When bridges collapse suddenly, flaws in design or construction, or inadequate inspection and maintenance, are usually to blame. In the case of the Morandi Bridge in Genoa, Italy, which stood for half a century before falling apart Tuesday in a tangled heap of concrete and steel, both design and maintenance may be at fault, experts said.
The bridge, named for its designer, Riccardo Morandi, is of the cable-stayed type, in which sections of roadway are cantilevered from towers like diving boards and supported by stays. This type of design, more common now than it was 50 years ago, is often used when the gap to be spanned is too long for the structure to be supported at both ends, but not so long that a suspension bridge would be a better solution.
The stays are critical elements of this kind of design. Without them, the cantilevered sections would have to be so massive as to make the bridge too costly or otherwise impractical. And more than anything else, the stays are what made the Morandi bridge unusual: They are constructed of concrete with steel rods, called tendons, inside them, which enables the concrete to handle the pull of the roadway. More modern cable-stayed bridges use steel cables instead.
“This type of stay or cable is not very common,” said Bassem Andrawes, a professor of civil engineering at the University of Illinois. “You would rarely see them anywhere.”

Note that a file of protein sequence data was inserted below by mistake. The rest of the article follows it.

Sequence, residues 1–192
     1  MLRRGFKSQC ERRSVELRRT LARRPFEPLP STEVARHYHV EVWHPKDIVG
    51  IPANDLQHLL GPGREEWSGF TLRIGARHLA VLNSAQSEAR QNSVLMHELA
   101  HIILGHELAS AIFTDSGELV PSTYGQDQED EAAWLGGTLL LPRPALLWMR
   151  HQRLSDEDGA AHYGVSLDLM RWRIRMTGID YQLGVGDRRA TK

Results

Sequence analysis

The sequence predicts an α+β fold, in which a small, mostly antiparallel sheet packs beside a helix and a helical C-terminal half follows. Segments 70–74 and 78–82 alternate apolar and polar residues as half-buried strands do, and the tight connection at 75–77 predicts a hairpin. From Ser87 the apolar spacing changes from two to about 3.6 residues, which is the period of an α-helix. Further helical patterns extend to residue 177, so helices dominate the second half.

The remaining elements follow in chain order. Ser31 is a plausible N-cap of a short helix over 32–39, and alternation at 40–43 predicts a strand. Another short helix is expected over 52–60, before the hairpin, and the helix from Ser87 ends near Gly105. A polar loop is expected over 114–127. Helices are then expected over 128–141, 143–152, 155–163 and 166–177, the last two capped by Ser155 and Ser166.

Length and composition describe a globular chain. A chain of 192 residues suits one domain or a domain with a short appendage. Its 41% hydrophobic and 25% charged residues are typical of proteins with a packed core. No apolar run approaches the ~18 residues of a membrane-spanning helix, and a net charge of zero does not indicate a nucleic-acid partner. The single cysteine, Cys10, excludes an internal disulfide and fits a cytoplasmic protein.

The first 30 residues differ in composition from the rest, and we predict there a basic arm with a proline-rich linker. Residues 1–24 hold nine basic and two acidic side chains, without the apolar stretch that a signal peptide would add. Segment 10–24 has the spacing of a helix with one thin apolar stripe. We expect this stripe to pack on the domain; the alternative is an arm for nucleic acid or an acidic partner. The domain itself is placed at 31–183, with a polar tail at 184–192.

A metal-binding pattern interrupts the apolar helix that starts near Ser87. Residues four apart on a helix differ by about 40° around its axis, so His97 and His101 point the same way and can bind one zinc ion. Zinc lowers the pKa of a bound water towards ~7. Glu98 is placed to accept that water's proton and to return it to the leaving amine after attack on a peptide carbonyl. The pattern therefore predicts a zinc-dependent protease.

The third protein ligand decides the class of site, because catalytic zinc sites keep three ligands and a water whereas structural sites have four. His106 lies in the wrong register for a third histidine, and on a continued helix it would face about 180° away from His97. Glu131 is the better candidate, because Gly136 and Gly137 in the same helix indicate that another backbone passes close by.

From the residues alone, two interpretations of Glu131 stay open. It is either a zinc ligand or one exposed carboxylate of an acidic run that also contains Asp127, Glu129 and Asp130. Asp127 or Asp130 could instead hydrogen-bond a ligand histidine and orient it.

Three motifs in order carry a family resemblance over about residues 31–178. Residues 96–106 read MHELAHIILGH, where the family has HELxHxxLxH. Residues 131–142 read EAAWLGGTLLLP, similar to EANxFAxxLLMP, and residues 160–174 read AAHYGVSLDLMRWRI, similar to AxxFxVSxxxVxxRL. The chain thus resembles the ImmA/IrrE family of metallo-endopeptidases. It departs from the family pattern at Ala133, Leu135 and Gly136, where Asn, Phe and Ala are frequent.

What may be even more important in regard to the collapse is that the Genoa bridge only had two stays — one on each side — for each cantilevered roadway section. Most recent bridges use far more stays: The new replacement for the Tappan Zee Bridge across the Hudson River north of New York City, for example, has 24 cables for each section, 12 on each side.
Dr. Andrawes and others said it is too early to speculate on the cause of the disaster, which killed at least 38 people, and basic facts of the collapse are still unclear — whether it began with one of the stays, for example, or on a cantilevered section, or in the tower itself.
But Italian investigators will no doubt look at both the makeup of the cable stays and their number. If one stay failed, that could have caused a shifting of loads that led to a cascade of rapid failures of other structural elements of the span. A bridge with multiple stays would be better able to withstand the loss of one of them.
“We design structures to be as redundant as possible,” Dr. Andrawes said. Speaking of the Italian bridge, he added, “Obviously if something was to happen with one of these cables, the bridge will collapse.”
One area of much research in modern bridge design is how to stop cascading failures somewhere along the chain by designing robust elements that can handle the excessive loads that might result from the failure of some part of the structure.